Trusting a Deeper Aliveness — Center for Action and Contemplation

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Trusting a Deeper Aliveness

True Self/Separate Self

Trusting a Deeper Aliveness
Friday, September 4, 2020

I believe a regular practice of Centering Prayer is one of the most effective tools we have for discovering our True Self. Sitting in silence, we become adept at compassionately observing our separate self at work, as it tries to maintain control of the inner narrative. Ultimately, however, with our genuine intention and attention, our True Self is revealed, present to the Presence of God. CAC faculty member Cynthia Bourgeault describes how this happens:

When we enter [into contemplative prayer], it is like a “mini-death,” at least from the perspective of the ego. . . . We let go of our self-talk, our interior dialogue, our fears, wants, needs, preferences, daydreams, and fantasies. . . . We simply entrust ourselves to a deeper aliveness, gently pulling the plug on that tendency of the mind to want to check in with itself all the time. In this sense, meditation is a mini-rehearsal for the hour of our own death, in which the same thing will happen. There comes a moment when the ego is no longer able to hold us together, and our identity is cast to the mercy of Being itself. This is the existential experience of “losing one’s life.”. . .

Just as in meditation [and contemplative prayer] we participate in the death of Christ, we also participate in his resurrection. . . . For twenty minutes we [i.e., our ego or separate self] have not been holding ourselves in life, and yet life remains. Something has held us and carried us. And this same something, we gradually come to trust, will hold and carry us at the hour of our death. To know this—really know this—is the beginning of resurrection life. . . .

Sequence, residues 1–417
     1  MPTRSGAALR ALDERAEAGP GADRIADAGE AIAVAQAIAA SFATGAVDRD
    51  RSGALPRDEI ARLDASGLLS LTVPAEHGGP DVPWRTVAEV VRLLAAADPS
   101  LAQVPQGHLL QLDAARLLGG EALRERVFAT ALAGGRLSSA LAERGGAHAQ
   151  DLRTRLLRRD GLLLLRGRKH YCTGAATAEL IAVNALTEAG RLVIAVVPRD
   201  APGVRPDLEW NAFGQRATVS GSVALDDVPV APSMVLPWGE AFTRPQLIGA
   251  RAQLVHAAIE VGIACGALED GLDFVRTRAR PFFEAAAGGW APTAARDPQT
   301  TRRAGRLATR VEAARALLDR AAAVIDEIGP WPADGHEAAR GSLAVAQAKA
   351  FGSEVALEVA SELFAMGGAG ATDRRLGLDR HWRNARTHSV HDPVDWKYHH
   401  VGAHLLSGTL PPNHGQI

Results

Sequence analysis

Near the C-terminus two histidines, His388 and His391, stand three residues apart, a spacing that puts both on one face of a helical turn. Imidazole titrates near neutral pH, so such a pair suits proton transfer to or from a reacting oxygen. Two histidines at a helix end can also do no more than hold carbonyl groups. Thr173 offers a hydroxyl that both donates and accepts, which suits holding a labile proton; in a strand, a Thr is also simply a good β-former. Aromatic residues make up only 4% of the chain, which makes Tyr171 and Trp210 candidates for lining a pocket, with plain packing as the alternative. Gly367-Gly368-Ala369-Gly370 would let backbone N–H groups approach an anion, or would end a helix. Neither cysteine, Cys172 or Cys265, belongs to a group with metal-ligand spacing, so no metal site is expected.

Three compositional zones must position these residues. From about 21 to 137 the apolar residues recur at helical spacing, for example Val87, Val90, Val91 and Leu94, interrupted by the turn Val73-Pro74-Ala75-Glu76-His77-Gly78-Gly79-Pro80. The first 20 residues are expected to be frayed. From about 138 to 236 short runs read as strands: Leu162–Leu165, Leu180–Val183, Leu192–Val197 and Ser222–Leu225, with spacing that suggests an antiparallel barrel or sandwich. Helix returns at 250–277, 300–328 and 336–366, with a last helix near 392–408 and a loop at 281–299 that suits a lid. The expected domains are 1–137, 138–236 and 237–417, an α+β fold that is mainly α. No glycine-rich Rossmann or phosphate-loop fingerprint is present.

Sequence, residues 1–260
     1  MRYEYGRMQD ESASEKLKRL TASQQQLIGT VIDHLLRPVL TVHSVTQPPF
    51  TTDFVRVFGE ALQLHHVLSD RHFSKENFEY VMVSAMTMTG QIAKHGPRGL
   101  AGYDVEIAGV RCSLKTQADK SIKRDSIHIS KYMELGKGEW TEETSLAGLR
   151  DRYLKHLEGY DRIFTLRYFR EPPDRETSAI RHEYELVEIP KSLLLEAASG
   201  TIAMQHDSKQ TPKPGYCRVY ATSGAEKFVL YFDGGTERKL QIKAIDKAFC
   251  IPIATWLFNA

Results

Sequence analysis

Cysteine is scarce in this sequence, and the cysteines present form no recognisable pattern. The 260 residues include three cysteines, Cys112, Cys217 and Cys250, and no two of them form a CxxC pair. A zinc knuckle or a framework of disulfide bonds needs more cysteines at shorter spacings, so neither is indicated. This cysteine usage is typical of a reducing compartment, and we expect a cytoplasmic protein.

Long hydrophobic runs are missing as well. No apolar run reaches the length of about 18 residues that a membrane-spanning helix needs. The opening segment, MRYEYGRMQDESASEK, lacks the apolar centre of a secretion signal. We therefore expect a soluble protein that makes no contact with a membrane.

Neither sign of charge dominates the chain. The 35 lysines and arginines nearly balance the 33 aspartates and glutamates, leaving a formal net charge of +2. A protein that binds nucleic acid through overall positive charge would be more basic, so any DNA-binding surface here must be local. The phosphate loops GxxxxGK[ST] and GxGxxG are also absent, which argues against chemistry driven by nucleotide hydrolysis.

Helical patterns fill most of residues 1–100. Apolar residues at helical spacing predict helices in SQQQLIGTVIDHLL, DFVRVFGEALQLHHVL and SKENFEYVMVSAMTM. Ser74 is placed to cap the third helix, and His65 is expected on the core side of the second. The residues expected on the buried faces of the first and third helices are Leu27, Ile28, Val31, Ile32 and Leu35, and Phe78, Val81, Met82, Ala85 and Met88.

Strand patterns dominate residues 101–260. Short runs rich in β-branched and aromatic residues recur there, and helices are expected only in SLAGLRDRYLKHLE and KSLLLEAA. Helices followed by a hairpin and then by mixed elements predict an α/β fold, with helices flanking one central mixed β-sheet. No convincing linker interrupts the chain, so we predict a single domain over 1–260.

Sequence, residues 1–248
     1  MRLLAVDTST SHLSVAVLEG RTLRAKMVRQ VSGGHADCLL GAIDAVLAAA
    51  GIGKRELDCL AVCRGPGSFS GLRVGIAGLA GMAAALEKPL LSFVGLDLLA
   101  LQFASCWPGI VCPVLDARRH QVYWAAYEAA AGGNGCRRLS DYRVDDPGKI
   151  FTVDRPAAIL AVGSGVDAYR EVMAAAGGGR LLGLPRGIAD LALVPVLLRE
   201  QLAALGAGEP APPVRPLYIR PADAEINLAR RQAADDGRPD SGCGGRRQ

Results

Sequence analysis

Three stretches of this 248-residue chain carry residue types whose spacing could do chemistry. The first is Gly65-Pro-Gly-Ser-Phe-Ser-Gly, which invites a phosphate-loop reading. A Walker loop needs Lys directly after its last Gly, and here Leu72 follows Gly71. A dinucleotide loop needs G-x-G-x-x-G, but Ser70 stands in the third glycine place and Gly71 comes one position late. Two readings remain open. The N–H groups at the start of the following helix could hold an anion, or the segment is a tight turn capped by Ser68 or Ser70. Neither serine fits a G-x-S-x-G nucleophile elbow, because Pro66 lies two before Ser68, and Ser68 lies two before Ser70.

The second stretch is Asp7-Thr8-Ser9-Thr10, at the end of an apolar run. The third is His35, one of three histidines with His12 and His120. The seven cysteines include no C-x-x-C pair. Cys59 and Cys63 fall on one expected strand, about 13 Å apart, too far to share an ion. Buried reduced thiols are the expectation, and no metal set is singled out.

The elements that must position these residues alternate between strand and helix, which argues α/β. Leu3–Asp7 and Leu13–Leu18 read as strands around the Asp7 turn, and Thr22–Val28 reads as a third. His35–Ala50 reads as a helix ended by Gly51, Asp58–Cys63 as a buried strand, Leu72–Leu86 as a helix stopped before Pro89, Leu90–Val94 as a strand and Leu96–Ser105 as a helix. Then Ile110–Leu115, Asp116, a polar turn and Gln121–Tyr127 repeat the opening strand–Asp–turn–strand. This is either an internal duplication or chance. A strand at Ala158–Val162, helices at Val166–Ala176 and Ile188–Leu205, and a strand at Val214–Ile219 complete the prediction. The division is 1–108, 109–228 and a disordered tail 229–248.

Virtually all the great spiritual traditions of the world share the conviction that humanity is the victim of a tragic case of mistaken identity. There is a “self” and a Self, and our fatal mistake lies in confusing the two. The egoic self . . . is in virtually every spiritual tradition immediately dispatched to the realm of the illusory, or at best, transitory. It is the imposter who claims to be the whole. This imposter can become a good servant, but it is a dangerous master. Awakening—which in Jesus’ teaching really boils down to the capacity to perceive and act in accordance with the higher laws of the Kingdom of Heaven—is a matter of piercing through the charade of the smaller self to develop a stable connection with the greater Self . . . becoming intimate with our spiritual identity, the sense of selfhood carried in our spiritual awareness. . . .

Through meditation [like Centering Prayer] it gradually becomes ingrained in us that “losing one’s life,” regardless of the action that may ultimately be required of us in the outer world, entails first and foremost a passage from our ordinary awareness to our spiritual one, because only at this deeper level of non-fearbased, wholistic perception will we be able to understand what is actually required of us.

Cynthia Bourgeault, Centering Prayer and Inner Awakening (Cowley Publications: 2004), 81, 82-83.

Image credit: Room in New York (detail), Edward Hopper, 1932.
Inspiration for this week’s banner image: My false and private self is the one who wants to exist outside the reach of God’s will and God’s love—outside of reality and outside of life. And such a self cannot help but be an illusion. —Thomas Merton
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